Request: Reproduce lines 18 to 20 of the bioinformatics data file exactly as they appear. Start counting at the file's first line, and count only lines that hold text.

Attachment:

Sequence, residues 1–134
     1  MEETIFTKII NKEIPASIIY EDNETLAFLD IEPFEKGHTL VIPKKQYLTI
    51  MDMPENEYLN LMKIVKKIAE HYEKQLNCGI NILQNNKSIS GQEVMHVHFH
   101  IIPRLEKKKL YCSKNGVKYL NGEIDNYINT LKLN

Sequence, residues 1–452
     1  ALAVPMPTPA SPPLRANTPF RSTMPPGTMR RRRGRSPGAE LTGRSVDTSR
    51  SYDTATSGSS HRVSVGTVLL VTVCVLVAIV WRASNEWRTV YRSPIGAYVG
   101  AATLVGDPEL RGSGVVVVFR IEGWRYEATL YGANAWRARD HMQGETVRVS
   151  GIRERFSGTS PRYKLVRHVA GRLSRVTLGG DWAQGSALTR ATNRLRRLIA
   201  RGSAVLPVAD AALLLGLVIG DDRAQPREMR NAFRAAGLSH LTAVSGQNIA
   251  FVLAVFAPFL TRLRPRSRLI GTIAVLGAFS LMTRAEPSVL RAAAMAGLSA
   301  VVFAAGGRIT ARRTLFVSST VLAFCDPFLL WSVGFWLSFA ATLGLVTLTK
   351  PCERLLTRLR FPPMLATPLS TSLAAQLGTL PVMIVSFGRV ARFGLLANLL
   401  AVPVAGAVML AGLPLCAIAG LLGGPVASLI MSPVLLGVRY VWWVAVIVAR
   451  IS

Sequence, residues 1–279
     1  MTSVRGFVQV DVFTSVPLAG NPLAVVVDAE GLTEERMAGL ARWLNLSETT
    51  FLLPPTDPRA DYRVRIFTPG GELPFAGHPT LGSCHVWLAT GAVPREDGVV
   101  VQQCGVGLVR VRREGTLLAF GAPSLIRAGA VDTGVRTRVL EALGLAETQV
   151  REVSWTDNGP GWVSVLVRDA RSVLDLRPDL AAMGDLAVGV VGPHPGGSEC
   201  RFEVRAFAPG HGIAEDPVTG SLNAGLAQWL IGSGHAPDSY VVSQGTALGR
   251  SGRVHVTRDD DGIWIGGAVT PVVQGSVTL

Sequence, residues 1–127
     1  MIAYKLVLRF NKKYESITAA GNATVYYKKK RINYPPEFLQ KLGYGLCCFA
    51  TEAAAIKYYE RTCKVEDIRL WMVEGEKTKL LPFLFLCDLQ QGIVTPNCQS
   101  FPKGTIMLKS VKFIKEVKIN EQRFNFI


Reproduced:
    51  FLLPPTDPRA DYRVRIFTPG GELPFAGHPT LGSCHVWLAT GAVPREDGVV
   101  VQQCGVGLVR VRREGTLLAF GAPSLIRAGA VDTGVRTRVL EALGLAETQV
   151  REVSWTDNGP GWVSVLVRDA RSVLDLRPDL AAMGDLAVGV VGPHPGGSEC